A friend of ours, who used to be a journalist for the Christian Science Monitor, loved this book and recommended it to me, loaning me his copy. I can see why. It is an interesting look at how geography has shaped history, and how it will continue to shape it in the future as well.
I learned many things here, ranging from the fact that Russia spans eleven time zones, to why America should not buy Chinese products for our own preservation. I didn’t know China was carving out a canal through Nicaragua, nor that they are Brazil’s biggest trading partner, nor that they get a third of their oil from Africa, where they are pouring in money, building ports in Kenya, railroad lines in Angola, and a hydroelectric dam in Ethiopia (which threatens the water supply in Egypt).
I didn’t know that in recent years, more than 7,000,000 people have been killed (mostly children) in war in the Democratic Republic of the Congo. I knew that Africa was bigger than the Mercator map shows, but I didn’t before comprehend that Africa is actually three times bigger than the United States. I didn’t understand before that India and Pakistan are forever rivals, nor that the US spends more on its military budget than all of the other NATO countries combined.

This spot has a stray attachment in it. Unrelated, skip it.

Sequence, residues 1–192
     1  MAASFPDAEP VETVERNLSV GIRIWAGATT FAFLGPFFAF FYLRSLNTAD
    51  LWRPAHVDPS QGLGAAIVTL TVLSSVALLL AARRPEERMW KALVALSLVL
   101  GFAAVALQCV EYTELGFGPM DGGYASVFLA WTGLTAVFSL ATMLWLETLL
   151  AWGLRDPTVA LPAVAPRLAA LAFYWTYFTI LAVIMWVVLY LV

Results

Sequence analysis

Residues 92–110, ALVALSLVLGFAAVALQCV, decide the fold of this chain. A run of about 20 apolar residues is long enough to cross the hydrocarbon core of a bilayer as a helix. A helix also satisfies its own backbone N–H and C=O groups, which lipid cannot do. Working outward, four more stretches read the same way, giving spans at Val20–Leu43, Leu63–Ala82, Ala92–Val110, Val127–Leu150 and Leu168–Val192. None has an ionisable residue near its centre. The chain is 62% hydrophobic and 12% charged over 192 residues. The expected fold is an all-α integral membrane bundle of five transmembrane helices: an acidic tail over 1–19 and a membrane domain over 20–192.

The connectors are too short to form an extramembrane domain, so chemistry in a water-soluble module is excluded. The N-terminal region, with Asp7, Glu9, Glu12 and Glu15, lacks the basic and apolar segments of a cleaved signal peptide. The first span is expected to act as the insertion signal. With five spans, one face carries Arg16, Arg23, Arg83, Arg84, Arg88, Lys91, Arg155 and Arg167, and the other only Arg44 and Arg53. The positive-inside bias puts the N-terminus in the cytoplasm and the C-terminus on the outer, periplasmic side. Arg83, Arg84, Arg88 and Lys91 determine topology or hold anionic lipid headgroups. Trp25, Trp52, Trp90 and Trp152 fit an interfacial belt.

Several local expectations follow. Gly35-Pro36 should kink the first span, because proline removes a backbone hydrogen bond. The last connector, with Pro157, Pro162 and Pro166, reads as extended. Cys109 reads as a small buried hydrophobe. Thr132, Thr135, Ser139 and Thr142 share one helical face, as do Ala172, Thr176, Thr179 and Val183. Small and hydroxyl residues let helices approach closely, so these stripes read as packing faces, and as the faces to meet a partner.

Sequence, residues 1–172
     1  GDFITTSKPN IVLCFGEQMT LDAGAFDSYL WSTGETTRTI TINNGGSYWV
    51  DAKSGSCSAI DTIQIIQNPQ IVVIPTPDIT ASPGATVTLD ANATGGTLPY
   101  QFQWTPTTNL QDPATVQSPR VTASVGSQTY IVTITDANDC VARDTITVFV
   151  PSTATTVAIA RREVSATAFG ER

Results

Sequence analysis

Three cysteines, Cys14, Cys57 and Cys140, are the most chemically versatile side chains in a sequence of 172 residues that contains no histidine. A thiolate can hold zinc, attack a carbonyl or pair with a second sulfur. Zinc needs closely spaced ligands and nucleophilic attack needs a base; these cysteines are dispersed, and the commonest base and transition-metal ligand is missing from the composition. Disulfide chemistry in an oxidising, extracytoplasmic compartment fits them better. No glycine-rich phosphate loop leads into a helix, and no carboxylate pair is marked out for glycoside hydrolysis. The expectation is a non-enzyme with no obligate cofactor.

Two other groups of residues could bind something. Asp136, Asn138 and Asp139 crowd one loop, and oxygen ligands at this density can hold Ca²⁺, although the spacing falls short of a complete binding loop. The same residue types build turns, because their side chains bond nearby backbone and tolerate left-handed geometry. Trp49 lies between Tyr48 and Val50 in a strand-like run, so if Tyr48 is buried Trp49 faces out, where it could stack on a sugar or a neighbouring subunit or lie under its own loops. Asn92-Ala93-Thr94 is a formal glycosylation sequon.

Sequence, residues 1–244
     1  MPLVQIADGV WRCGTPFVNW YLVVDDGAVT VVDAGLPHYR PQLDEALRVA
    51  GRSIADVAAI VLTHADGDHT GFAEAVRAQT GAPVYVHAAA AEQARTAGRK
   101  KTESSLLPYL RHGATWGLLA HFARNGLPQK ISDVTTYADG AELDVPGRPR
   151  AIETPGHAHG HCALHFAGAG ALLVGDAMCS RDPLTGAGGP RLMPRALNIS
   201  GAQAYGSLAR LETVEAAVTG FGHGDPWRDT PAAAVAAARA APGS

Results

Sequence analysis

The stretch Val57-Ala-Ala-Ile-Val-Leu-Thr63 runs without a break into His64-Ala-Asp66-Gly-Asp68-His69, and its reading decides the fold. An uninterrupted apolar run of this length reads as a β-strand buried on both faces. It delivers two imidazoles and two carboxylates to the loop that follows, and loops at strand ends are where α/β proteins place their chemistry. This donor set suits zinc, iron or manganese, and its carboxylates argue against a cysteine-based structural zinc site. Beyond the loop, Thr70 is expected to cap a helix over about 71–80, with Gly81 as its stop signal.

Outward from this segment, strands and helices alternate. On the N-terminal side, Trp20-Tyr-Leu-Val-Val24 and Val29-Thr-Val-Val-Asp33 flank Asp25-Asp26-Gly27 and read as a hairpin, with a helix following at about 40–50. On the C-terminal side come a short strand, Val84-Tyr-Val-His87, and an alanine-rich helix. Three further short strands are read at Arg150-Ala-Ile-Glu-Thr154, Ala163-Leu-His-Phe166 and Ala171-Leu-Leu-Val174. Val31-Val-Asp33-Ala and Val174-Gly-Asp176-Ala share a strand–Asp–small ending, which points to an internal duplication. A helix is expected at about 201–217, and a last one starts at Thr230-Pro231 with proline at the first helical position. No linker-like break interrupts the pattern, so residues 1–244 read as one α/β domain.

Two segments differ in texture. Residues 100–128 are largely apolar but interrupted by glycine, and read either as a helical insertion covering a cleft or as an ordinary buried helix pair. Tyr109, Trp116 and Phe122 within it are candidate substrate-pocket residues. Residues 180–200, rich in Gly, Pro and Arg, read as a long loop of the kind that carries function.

I didn’t know how certain boundaries were drawn, and how their usual manner of being drawn by outsiders has had unfortunate – even disastrous– effects. And I didn’t realize the United States is very behind and ill-equipped to stake our claim in the Arctic, which will become critically important in this century for securing our portion of both the control and the resources there.
This book is intelligently written and very readable. The only part that lagged for me was the section on the Middle East, but maybe that is because I was better informed about that region. I encourage you read this book to get a more global perspective, based on natural topography that is not generally going to change. This book would be a great read for history book groups, homeschooled high school students, or anyone interested in following current events.
I recommend to you this incredibly relevant book on geopolitics. I’m glad I was urged to read it, and give it 5 stars.